Monday, February 9th, 2009
PPK has written a nice aggregation post on the state of browsers which considers a few recent topics, most importantly discussing the EC mess with Microsoft:
There’s some browser news to discuss, and I thought I’d bundle it all in one entry. Maybe I’ll even do this more often; it seems a good feature for this blog. But I’m not promising anything!
This weekend I started testing some new browsers, and meanwhile I’ve updated the HTML and CSS tables. There were no surprises. I’m continuing with the Events tables, but they’re so large and sometimes so complicated that I’m not sure when I’ll finish.
In this installment we’ll take a look at IE8RC1 and some reactions to it, Safari 3.2, Chrome’s lack of a “Check for updates automatically” feature and Opera’s antitrust complaint.
Browser Wars update
Two weeks ago I wrote a post about some unexpected consequences of Opera’s current antitrust complaint against Microsoft. If IE is unbundled from Windows, which browser should be installed instead? My conclusion was that any new computer would contain either zero or five browsers.
Opera employee Haavard responded that the hardware vendors (which are apparently called OEMs; funny name) would add one browser of their choice to new computers. Several commenters here on QuirksMode saw the same solution.
I’m not convinced this is the right thing to do. When it comes to influencing hardware vendors, Microsoft still has a considerable edge over all other browser vendors, because the hardware people need several Microsoft products (such as Windows) to make their machines worthwhile. So I doubt this is going to change anything in the short run.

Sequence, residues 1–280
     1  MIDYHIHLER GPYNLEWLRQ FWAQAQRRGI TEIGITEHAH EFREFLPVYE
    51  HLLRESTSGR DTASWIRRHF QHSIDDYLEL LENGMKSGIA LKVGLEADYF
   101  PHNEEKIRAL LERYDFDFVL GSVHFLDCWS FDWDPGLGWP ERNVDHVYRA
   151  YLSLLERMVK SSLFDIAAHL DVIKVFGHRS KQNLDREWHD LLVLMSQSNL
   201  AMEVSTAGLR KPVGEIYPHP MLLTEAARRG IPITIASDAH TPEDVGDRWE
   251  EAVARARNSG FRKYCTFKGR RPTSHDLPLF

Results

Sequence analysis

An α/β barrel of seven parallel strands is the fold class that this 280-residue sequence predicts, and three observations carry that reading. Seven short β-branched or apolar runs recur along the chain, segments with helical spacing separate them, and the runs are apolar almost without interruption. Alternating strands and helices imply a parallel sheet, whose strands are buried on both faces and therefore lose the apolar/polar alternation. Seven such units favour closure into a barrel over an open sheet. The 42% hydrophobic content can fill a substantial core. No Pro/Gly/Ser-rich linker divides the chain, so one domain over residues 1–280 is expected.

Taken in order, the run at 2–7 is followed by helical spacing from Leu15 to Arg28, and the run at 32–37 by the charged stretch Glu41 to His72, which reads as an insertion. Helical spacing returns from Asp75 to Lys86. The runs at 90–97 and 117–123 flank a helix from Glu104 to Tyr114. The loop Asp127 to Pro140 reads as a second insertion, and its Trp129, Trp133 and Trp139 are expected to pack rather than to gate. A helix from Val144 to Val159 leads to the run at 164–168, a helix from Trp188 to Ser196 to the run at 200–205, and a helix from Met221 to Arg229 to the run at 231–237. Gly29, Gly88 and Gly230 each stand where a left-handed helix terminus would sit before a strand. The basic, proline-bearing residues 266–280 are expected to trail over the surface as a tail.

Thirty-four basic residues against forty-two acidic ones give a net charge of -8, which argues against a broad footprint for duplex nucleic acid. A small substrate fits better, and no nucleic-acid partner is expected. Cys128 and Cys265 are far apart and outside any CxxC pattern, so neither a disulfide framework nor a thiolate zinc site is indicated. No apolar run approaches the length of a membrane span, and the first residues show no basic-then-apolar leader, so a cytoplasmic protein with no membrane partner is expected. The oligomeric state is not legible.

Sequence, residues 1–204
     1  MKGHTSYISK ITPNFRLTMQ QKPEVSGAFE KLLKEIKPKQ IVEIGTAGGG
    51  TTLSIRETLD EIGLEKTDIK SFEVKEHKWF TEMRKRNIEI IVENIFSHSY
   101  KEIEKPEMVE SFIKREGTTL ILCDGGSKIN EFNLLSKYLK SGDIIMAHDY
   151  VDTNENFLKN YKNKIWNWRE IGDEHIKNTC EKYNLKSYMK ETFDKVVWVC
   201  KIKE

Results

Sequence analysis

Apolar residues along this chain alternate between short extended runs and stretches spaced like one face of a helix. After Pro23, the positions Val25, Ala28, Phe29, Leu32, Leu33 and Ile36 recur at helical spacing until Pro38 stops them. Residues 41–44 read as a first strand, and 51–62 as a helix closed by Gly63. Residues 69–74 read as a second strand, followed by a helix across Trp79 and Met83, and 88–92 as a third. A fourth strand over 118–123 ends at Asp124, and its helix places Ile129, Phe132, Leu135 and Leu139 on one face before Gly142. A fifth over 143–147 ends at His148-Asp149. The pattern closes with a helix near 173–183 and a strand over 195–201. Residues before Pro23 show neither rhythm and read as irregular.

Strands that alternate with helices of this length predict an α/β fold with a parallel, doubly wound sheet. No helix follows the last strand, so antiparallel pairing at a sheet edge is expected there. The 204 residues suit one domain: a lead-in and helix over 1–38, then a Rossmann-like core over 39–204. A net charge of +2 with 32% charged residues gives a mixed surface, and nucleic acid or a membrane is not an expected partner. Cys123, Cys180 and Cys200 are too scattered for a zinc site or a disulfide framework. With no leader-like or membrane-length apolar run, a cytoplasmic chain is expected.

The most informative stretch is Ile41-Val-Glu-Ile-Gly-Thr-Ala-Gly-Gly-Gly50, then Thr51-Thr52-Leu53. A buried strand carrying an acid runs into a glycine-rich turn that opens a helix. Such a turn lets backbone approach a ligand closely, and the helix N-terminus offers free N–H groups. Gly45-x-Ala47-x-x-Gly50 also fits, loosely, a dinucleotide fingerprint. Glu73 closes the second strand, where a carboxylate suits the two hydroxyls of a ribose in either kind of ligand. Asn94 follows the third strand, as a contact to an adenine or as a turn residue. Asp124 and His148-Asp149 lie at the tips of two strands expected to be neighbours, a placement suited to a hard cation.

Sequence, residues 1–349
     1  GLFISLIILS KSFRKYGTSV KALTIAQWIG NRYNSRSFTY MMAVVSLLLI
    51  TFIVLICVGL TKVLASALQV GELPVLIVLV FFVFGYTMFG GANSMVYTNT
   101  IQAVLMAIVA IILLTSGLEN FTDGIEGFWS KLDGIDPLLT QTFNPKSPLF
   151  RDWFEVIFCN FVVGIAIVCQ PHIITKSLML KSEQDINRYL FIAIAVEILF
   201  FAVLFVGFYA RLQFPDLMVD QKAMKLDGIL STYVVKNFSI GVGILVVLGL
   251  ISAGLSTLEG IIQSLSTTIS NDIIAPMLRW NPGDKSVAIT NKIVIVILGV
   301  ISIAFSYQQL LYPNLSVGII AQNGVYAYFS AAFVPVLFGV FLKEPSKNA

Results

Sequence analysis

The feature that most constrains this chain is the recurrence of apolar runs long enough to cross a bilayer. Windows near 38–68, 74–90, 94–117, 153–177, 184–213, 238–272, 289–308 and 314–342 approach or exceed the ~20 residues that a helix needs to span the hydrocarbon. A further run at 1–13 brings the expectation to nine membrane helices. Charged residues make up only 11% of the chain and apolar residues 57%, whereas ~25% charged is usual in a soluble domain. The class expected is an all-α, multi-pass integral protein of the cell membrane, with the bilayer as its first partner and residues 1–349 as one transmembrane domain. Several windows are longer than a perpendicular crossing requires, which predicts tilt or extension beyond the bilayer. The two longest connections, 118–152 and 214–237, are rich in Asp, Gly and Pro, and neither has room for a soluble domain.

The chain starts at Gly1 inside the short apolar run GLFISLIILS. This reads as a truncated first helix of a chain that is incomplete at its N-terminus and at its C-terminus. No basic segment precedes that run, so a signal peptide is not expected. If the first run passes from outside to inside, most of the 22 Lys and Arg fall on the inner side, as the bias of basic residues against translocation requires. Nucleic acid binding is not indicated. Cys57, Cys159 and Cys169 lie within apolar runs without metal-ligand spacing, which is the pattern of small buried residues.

Let’s for a moment suppose that Microsoft genuinely repents of its evil ways and does not pressure hardware vendors to include IE. Despite this, some hardware vendors will choose IE, and whether that’s out of habit or because they truly think it’s the best browser available is unimportant.
Now we still have some new computers that come with IE. How are we going to distinguish between IE being installed because Microsoft puts pressure on the hardware vendors and IE being installed because the vendors genuinely think it’s the best browser?
In the logic that Opera’s complaint is setting up, a hardware vendor that genuinely believes in IE would be accused of “bowing down” to the Redmond monopolist, even if this accusation is baseless. And that could be the beginning of a lot of ideology-driven nastiness.
I don’t like the way this is heading. I don’t like it at all.
Posted by Dion Almaer at 7:55 am